@Rich, sorry I misspoke. By "real 3D engraving" I meant the variable power rastering that the RF tubes seem to do much better than the DC tubes. I may just be ignorant on this but in my newbie experience with hobby lasers the power level is a global setting for the whole raster, not a per-pixel setting, which as I understand you can do on the RF tubes. The 3D mapping on the RF tubes always seems to look better than the dithering method on DC lasers, but then again maybe it's all in the software.

    Again I fully admit my total lack of understanding on the matter; hence this post. If I'm mistaken and normal DC tubes can do per-pulse power modulation I'd love to be corrected. I found a lot of marketing jargon but very little in the way of physical explanations

  6. #6
    If I'm not mistaken (if I am Dave will correct me ), (let's say 'most') RF lasers that we engravers use, don't vary their power in 3D or photo situations, they simply vary the timing of the firing. Or more simply, they too engrave in halftone (aka dithered). Why RF fired laser's shine is because they're always firing in pulses, and as such they can fire a single 'dot' and that dot will be pretty close to as deep or as noticeable as any other engraving it's producing. A DC laser just can't fire that fast.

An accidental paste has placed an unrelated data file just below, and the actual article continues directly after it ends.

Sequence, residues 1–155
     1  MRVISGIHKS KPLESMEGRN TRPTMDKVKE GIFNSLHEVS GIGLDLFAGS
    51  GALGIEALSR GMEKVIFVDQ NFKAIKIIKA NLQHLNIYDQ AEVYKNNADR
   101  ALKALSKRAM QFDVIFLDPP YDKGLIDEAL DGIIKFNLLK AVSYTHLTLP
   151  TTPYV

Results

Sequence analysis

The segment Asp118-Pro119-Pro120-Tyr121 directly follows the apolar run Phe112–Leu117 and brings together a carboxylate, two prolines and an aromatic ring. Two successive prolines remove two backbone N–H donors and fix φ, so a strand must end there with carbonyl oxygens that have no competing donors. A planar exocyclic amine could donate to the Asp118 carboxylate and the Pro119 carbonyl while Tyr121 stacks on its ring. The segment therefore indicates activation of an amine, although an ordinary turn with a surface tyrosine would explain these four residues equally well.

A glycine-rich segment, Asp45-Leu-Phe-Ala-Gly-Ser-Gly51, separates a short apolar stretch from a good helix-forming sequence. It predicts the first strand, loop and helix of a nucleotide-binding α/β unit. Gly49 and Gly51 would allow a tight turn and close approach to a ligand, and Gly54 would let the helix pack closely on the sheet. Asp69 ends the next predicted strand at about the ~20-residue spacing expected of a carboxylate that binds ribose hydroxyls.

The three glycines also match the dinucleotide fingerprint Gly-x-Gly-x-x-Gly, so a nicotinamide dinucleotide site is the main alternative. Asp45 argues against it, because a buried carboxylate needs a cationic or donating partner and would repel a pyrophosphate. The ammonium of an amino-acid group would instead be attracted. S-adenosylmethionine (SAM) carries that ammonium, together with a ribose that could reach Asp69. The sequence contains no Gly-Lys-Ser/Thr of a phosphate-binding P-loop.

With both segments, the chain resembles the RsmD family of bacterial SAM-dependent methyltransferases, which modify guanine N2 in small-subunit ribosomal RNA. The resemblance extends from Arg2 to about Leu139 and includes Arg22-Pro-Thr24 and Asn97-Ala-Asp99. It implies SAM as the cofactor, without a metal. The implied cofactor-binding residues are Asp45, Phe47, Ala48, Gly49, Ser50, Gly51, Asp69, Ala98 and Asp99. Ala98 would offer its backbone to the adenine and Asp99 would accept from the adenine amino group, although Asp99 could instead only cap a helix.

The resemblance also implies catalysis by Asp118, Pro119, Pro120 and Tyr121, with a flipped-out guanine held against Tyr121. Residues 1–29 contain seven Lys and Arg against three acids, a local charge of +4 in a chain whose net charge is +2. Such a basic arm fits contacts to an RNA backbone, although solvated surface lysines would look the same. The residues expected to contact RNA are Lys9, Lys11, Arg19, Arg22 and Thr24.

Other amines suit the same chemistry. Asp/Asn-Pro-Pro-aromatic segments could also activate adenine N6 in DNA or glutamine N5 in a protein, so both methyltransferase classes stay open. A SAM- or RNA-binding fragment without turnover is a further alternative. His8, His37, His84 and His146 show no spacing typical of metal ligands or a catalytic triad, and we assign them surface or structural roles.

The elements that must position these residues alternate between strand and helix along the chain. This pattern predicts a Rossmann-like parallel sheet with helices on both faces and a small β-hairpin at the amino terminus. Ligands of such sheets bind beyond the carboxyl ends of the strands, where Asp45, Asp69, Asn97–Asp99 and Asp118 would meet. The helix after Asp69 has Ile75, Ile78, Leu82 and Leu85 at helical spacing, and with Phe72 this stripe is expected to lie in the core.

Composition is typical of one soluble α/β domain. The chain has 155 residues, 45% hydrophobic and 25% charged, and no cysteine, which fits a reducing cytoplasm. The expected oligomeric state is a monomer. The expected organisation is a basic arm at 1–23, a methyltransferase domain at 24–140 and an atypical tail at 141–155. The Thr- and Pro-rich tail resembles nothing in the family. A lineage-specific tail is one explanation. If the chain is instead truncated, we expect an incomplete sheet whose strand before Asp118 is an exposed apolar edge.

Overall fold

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  7. #7
    why can't dot number 2 be at a different power level than dot number 1?
    It can, the problem is that q-spike or trigger ignition that takes place at above maximum power so that initial blast makes the dots all pretty much the same.DC lasers tend to work like news print, lots of dots, the closer they are together the darker it looks.

    On an RF there is no q-spike, the power requested from the controller is what you get, if you ask for 10% you get 10% on a DC if you ask for 10% you get a 110% spike that drops back to 10% after a very short time. This is why if you look at a raster done with a DC tube into acrylic at the edges where it changes direction you will see a ridge that is deeper than the rest of the line (test with clear acrylic and it all becomes very noticable)

    For starter research have a read up on PWM in lasers, that will get you started on the 3 basic factors (Amplitude, Duty Cycle and Frequency) once you get a handle on that the rest becomes pretty simple when you take into account the constraints of DC ignited tubes (common DC tubes rather than top end GSI or Coherant stuff)
    Poof! and just like magic the shop keeper dissappeared

  8. #8
    Quote Originally Posted by Dave Sheldrake View Post
    It can, the problem is that q-spike or trigger ignition that takes place at above maximum power so that initial blast makes the dots all pretty much the same.DC lasers tend to work like news print, lots of dots, the closer they are together the darker it looks.